Monday, January 21, 2008

Looking back No. 2

click photo to enlarge
High Dynamic Range (HDR) is one of the current buzz phrases in digital photography. Concisely put, it's a method of combining a number of shots of the same subject into a composite image with an extended range of values between light and dark areas. Usually three images are combined: one "underexposed" (to benefit from the highlight detail), one "overexposed" to use the shadow detail, and one "correctly" exposed (to supply the mid-tones). The resulting image is said to more closely approximate what the eye and the brain "sees".

In the hands of a skilled and thoughtful photographer this is broadly what happens. However, others use it, wittingly and unwittingly, to produce "hyper-realistic" images that have the unreal glow that characterises a certain type of naive painting. These can be interesting, but have become gimmicky, and any interest soon wanes when you've seen a lot of them. And over the last couple of years I've seen many! But a thought occurred to me a while ago, when I did my own HDR shot (above) - the Victorian painters of the Pre-Raphaelite Brotherhood (PRB) would have loved this technique! As I sat back and looked at my completed photograph I was reminded of the finish (not the subject necessarily) of their radiant images that lovingly depict the minutiae of the English countryside; paintings such as "A Study in March" by John William Inchbold (1830-1888), or "Our English Coasts (Strayed Sheep)", by William Holman Hunt (1827 - 1910). In the years since they flourished the PRB have ridden the roller coaster of critical acclaim, with the dips being every bit as extreme as the heights. The interest in HDR shows some signs of having reached its own summit of popularity, and I hope that instead of being dispensed with it will settle down to become a useful, and occasional (!), technique in the photographer's armoury.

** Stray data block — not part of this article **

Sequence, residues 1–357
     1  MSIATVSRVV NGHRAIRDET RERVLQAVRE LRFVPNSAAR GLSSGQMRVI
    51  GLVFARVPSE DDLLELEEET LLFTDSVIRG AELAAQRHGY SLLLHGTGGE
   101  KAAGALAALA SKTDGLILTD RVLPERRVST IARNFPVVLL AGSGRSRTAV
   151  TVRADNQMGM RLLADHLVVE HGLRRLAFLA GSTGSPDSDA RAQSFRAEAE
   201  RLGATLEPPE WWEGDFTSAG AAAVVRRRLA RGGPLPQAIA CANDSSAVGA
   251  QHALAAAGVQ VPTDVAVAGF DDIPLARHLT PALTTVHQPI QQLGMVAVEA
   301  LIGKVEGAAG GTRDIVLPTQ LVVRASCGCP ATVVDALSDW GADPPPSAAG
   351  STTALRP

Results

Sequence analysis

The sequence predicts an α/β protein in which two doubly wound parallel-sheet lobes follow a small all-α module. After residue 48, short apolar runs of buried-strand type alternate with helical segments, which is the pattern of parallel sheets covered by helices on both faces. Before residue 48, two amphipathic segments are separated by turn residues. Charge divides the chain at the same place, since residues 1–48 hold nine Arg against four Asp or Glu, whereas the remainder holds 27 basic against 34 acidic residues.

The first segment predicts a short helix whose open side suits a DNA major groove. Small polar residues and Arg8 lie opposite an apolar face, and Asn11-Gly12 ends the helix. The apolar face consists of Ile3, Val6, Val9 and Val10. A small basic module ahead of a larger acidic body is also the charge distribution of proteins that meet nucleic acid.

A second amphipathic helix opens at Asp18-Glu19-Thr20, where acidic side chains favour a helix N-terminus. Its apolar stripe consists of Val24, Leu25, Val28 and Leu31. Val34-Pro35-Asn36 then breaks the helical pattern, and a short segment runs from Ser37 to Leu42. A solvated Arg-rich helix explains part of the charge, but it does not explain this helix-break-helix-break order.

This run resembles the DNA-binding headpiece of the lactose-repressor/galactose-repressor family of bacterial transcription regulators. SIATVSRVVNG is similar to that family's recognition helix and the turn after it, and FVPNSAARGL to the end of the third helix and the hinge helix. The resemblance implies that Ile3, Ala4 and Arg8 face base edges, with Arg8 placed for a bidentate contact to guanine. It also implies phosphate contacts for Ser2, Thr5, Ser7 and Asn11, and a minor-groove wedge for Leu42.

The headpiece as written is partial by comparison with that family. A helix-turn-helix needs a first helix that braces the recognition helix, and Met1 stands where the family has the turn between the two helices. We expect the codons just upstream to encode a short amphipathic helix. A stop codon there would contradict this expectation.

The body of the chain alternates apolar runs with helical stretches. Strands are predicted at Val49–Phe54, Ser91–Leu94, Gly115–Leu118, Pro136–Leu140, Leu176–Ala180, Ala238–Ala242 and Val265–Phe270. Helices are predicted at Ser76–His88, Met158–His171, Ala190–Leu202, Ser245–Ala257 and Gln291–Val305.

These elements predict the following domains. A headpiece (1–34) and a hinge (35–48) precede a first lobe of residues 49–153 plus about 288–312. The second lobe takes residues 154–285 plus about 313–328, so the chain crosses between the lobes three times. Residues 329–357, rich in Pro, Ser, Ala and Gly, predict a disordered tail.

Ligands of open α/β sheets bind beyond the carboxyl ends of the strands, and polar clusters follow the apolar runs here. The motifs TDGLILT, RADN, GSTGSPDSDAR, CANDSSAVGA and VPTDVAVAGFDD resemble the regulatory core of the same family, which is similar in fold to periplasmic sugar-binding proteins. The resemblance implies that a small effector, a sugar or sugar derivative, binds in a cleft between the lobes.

My photograph shows the church of St Thomas A Becket, in the village of Aunsby, Lincolnshire, taken last autumn during my break from posting. This building, erected mainly between the 1100s and the 1500s, is one of the many medieval masterpieces that await the visitor to this eastern county. I came upon it part way through a walk that took me to a succession of such village churches. My shot was taken with the camera programmed to record three images simultaneously, each with different levels of exposure.

photograph & text (c) T. Boughen

Camera: Olympus E510
Mode: Aperture Priority
Focal Length: 14mm (28mm/35mm equiv.)
F No: f7.1
Shutter Speed: 1/400
ISO: 100
Exposure Compensation: -1.0, 0, +1.0EV
Image Stabilisation: Off